A few days ago I started listening to a book titled Resilience by Eric Greitens (thanks Maggie!), and the book was particularly unique because it summed up the relationship between the struggle, the pain, and happiness in life in a way that is completely logical. Throughout my life, particularly the past ten years, I know that I have been “addicted” to the adrenaline of extreme sports and to the struggle of endurance sports, and although I knew logically it was because they both made me happy it was difficult to articulate exactly why. As I’ve started this blog in the last year I have been on a quest through writing to explain to readers and myself alike, what it is exactly about happiness that is so often coupled with struggle. Today it is as clear as day.
John Muir Trail 2009
I have written in the past about ultraruns and how unpleasurable most of them actually are, so what about them create happiness? My perception of happiness has evolved throughout my life, and the activities that I engage in that promote my happiness have also changed. I find it essential to understand the difference between happiness and pleasure. There were certain things that I used to engage in frequently years ago that I assumed and believed made me happy, but only because they created extreme pleasure. Shopping is one of those activities. So while I still enjoy shopping I understand it on such a different level; because once you know true happiness fleeting pleasures cannot compare. Another example is running–running does not make me happy. I have been known to joke that I don’t even like to run much, because ultimately, it is not about running but about the pursuit of excellence that I get while I run that creates happiness. That is why during ultraruns the majority of the time I can think of very few enjoyable or pleasurable experiences, yet the experience as a whole gives me such internal joy. The sound of the outdoors, packing my pack, the smell of sunscreen, all send me to a place of peace.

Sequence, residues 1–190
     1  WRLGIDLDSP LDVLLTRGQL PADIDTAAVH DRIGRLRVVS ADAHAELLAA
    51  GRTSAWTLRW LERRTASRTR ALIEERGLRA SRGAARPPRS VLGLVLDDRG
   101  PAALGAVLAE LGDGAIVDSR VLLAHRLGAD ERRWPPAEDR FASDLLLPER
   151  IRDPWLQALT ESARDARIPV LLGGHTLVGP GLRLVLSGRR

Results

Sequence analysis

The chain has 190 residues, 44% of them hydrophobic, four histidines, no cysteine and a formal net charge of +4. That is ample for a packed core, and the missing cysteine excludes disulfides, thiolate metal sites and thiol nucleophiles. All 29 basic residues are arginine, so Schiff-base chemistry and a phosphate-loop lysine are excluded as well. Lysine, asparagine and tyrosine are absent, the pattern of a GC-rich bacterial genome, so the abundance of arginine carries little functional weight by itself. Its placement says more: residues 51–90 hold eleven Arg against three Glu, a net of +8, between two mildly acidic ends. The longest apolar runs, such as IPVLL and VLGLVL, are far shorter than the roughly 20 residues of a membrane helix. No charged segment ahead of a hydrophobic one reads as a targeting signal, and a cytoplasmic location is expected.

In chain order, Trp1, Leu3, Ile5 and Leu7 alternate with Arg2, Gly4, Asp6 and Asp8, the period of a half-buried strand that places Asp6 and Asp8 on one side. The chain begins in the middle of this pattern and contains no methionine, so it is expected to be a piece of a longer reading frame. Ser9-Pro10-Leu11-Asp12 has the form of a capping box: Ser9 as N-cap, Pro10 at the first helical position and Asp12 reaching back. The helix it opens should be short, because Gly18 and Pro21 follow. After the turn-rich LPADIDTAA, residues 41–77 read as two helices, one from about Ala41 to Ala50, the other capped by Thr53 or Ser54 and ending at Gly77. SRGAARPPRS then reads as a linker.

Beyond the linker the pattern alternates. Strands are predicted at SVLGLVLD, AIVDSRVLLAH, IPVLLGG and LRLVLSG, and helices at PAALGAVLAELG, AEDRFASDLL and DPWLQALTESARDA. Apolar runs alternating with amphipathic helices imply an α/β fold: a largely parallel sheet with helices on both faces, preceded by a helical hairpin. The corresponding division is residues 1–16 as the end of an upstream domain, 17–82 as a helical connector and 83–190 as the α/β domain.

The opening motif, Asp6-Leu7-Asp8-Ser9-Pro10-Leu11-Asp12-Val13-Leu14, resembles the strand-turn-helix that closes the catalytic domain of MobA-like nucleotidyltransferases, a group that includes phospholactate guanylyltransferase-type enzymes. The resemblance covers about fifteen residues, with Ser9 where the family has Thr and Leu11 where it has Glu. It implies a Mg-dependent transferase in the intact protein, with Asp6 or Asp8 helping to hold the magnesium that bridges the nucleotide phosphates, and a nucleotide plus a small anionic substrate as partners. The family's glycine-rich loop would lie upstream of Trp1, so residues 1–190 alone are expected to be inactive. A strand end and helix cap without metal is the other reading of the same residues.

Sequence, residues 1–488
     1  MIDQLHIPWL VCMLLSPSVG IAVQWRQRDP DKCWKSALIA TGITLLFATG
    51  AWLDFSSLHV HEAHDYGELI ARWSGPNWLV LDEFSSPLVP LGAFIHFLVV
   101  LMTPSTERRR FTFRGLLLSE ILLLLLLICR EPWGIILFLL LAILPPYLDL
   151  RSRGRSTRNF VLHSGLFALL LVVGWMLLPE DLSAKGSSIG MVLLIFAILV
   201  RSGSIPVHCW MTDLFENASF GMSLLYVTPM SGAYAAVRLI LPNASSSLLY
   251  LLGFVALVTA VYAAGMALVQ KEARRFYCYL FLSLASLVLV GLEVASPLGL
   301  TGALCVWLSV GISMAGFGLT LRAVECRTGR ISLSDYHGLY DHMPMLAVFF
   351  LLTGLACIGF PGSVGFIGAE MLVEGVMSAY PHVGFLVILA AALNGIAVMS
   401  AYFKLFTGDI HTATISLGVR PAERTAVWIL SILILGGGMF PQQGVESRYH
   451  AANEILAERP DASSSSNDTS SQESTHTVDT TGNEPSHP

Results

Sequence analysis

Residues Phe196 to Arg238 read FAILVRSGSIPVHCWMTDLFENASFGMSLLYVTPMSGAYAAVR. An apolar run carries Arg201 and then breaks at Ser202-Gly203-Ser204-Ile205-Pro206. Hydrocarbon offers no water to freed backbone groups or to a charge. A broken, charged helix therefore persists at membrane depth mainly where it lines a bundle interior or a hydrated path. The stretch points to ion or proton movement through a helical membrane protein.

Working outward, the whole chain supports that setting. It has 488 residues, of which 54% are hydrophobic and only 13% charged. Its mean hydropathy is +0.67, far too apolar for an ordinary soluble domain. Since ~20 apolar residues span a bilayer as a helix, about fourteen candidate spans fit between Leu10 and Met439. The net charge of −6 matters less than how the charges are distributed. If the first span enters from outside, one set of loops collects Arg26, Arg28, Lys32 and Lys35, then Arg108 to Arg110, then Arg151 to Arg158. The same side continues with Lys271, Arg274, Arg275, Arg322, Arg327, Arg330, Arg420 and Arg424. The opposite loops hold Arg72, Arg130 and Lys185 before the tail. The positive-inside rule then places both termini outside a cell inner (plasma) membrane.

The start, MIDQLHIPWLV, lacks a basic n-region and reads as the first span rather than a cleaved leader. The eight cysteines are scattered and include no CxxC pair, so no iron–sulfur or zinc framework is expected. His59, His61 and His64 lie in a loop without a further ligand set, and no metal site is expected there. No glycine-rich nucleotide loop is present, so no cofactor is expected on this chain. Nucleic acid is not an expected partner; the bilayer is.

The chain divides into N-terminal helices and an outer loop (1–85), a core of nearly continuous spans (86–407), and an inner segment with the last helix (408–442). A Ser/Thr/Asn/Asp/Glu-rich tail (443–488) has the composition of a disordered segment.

To some, this constant pursuit may seem exhausting and even selfish, and while I agree with exhausting part, the selfish part I couldn’t disagree with more. As you struggle and push yourself beyond preconceived limitations, you are gaining a perspective on life that cannot be replicated through any other pleasurable activity. In high school and college when I assumed that I was happy, I was also very judgemental, unforgiving to others and to myself, and overall pretty miserable. Yet as I have moved through this path of pursuing my own personal excellence, I understand struggle and happiness on a different level. This has allowed me to look at others with more compassion, be more mindful about my contribution to my community and to other communities, and to set my judgments aside. Overall, I have gained and continue to gain a worldview that lays on the side of peace, love, and acceptance. This may sound a little cliché but clichés do have their place in the world.
My pursuit of excellence has been found primarily in endurance sports, and while I do receive emails and comments of encouragement, I have also received comments of judgement. These comments are usually critical in regards to what I am doing to my body, why I need to push it, what am I searching for…etc. Ultimately all I can say is that the pursuit of happiness is not an easy road, nor is it filled with immediate gratification, but what it offers on the road is drastically more fulfilling and life changing than staying idle. In the end, I would rather sacrifice my body for the sake of my mind than the alternative.
Not everyone’s pursuit looks the same. You have to find your struggle and find it again and again and again. When we stop struggling we stop growing. It is a long life for most, and it is amazing how many of us don’t even truly know ourselves. Get out there and get to know yourself. When you look back on your life, your happiest times are probably those times that were most difficult in some way, because you struggled, you fought, you gained resilience, and you survived. Although life is long, it is still too short not to valiantly pursue the person we were born to be.